Stinging nettle is a plant close to my heart. It is is a superfood containing many vitamins and minerals, antioxidants, and protein. All parts of the plant are edible and medicinal, and can also be used as a plant dye, for fibre crafts, and as a compost activator. Nettle is wonderful for skin and hair. It is anti-inflammatory, can help to reduce dandruff, and restore strength and vitality to your hair.
You can see why I love nettle so much.
Personally, I like to eat nettle by putting it into soups or casseroles, I harvest and dry the leaves for tea (taken as a tonic, or mixed with goldenrod for allergies), and most recently I used it in soap.
Since I use my homemade soap to wash my hair, I wanted to create a nettle shampoo bar by using nettle infusion instead of water for the lye solution and adding ground nettle to the soap.
I started by making a strong nettle infusion. 1 part nettle to 2 parts water. I poured boiling water over the nettle, capped it tightly and let it sit overnight to infuse, then I put it in the refrigerator to chill.
I used the SoapCalc Lye Calculator to figure out my oil percentages and amounts, and my amounts for lye and water. For more information about this process visit my first post on soap making Lavender Rosemary Soap.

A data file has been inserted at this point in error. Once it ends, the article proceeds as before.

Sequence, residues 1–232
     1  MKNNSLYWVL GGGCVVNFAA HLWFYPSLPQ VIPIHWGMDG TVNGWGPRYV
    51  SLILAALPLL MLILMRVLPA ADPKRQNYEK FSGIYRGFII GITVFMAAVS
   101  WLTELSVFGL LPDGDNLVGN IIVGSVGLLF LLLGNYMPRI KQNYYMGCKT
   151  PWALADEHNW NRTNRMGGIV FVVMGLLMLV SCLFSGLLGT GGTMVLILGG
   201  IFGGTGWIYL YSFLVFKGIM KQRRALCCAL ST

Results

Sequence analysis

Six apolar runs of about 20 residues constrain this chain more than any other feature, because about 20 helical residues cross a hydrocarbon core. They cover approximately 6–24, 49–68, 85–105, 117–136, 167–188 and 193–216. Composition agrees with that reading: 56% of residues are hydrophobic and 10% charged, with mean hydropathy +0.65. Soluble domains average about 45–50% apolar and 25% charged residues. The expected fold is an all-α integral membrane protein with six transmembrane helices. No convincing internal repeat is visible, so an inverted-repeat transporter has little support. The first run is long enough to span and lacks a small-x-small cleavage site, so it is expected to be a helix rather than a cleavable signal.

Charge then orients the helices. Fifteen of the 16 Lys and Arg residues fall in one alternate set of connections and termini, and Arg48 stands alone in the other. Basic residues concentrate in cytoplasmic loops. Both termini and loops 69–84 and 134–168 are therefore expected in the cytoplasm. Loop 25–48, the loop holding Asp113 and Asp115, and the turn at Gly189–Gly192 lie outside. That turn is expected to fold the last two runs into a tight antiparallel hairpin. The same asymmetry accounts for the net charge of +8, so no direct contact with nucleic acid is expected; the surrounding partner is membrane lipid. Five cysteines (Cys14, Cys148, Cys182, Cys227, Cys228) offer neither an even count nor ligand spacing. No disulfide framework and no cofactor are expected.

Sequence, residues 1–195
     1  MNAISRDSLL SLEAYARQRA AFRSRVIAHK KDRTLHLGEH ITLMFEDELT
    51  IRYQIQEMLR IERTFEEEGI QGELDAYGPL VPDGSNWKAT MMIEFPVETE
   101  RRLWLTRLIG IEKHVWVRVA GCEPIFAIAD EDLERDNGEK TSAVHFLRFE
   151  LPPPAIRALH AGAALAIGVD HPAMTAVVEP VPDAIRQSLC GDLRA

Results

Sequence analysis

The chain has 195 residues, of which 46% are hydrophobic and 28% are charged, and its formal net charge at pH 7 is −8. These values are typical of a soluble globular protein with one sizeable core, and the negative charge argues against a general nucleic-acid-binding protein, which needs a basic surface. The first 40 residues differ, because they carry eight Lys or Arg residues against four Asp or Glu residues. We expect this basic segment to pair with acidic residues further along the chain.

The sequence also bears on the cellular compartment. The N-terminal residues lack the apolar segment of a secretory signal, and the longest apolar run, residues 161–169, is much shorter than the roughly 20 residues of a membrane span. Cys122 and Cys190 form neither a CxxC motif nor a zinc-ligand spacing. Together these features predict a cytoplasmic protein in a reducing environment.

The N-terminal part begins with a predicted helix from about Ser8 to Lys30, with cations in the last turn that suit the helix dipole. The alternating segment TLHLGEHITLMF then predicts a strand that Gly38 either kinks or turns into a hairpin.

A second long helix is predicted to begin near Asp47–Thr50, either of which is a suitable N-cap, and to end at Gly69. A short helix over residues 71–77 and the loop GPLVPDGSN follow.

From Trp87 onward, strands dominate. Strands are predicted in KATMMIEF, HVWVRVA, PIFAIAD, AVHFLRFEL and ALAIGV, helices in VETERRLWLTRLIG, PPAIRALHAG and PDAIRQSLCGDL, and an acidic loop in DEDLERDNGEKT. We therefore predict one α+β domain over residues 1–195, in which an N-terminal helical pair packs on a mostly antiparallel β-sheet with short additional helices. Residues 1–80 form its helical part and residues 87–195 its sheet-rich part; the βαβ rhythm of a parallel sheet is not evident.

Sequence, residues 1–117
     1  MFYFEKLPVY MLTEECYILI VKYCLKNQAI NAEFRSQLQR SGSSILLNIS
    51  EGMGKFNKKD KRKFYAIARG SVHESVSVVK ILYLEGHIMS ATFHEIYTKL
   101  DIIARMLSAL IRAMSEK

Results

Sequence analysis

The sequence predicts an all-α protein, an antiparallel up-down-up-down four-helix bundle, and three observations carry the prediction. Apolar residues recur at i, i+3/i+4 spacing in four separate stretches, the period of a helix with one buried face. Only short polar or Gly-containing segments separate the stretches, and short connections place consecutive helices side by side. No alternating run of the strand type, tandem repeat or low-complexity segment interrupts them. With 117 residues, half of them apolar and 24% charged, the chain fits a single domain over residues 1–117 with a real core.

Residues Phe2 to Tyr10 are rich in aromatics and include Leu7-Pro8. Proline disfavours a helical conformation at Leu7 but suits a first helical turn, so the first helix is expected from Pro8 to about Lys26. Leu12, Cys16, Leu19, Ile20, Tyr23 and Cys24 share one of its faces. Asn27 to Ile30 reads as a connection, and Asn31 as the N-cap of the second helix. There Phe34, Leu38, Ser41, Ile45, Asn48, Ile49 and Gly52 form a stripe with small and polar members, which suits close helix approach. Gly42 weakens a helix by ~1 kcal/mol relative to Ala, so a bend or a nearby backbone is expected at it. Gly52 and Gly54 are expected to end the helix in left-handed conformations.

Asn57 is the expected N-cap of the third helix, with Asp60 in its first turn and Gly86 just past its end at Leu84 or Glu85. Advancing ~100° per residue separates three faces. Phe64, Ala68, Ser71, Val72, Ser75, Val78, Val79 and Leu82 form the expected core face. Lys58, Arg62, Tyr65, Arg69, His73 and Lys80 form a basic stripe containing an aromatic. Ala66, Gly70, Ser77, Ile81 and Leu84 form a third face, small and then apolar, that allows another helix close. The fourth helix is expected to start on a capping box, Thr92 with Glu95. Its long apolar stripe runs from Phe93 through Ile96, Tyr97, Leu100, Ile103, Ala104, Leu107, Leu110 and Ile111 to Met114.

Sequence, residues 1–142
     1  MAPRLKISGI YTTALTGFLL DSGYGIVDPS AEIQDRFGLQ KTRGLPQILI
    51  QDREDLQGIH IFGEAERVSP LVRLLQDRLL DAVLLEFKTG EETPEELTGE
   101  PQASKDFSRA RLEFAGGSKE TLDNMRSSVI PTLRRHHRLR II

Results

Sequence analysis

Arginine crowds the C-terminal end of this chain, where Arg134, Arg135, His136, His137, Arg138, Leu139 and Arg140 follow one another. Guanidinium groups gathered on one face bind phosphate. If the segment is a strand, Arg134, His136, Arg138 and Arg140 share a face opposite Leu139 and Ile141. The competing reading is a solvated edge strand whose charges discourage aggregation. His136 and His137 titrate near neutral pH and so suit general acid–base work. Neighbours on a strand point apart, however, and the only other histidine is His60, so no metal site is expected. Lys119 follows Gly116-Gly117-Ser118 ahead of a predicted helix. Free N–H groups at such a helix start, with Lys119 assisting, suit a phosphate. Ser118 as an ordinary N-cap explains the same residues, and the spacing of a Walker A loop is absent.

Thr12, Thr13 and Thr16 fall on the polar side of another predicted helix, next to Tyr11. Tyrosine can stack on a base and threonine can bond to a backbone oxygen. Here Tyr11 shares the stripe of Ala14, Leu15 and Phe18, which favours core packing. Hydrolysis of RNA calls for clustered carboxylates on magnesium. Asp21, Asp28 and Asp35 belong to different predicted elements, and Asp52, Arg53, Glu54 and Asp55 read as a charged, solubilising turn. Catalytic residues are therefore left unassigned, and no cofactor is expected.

First I measured out my lye, and instead of water I measured out nettle infusion to mix with the lye.
Then I measured out my oils and heated them over low heat until they all melted.
While the lye and oil were cooling down, I prepared some ground nettle to mix into the soap base and measured out the essential oils. I used rosemary, eucalyptus and lemon essential oils. They are uplifting, promote circulation, and are good for skin and hair.
Once the oils and lye solution cooled to about the same temperature, I mixed them together and blended with my immersion blender until the mixture started to thicken.
Then I added in the ground nettle and essential oils, blended to mix everything thoroughly, and poured it into my silicone soap mold.
24 hours later I popped them out of the molds, and cured them for 4 weeks before use. I love this soap. It smells wonderful, it works great as an all-purpose soap for hair and body and leaves me feeling clean and energized!
Rosemary Nettle Shampoo Bar
40% Coconut Oil
15% Olive Oil
5% Castor Oil
5% superfat (this means the recipe is calculated to have 5% extra fat that won’t react with the lye to give a more conditioning soap)
6 g Rosemary essential oil
4 g Eucalyptus essential oil
4 g Lemon essential oil
1 Tbsp of stinging nettle leaf, ground
Prepare your nettle infusion the day before you want to make soap. Use 1 part herb to 2 parts boiling water, cap and let sit overnight to infuse and place in the fridge until ready to use.
Calculate your recipe using Soapcalc to get your precise amounts of fats, lye and water based on the amount of oils you want to use. I have been using the standard 16 oz by weight of oils. You will just replace the water with nettle infusion when measuring it out.
After you reach trace, add in your essential oils and ground nettle.
Let saponify for 24 hours, then unmold and let cure for 4 weeks.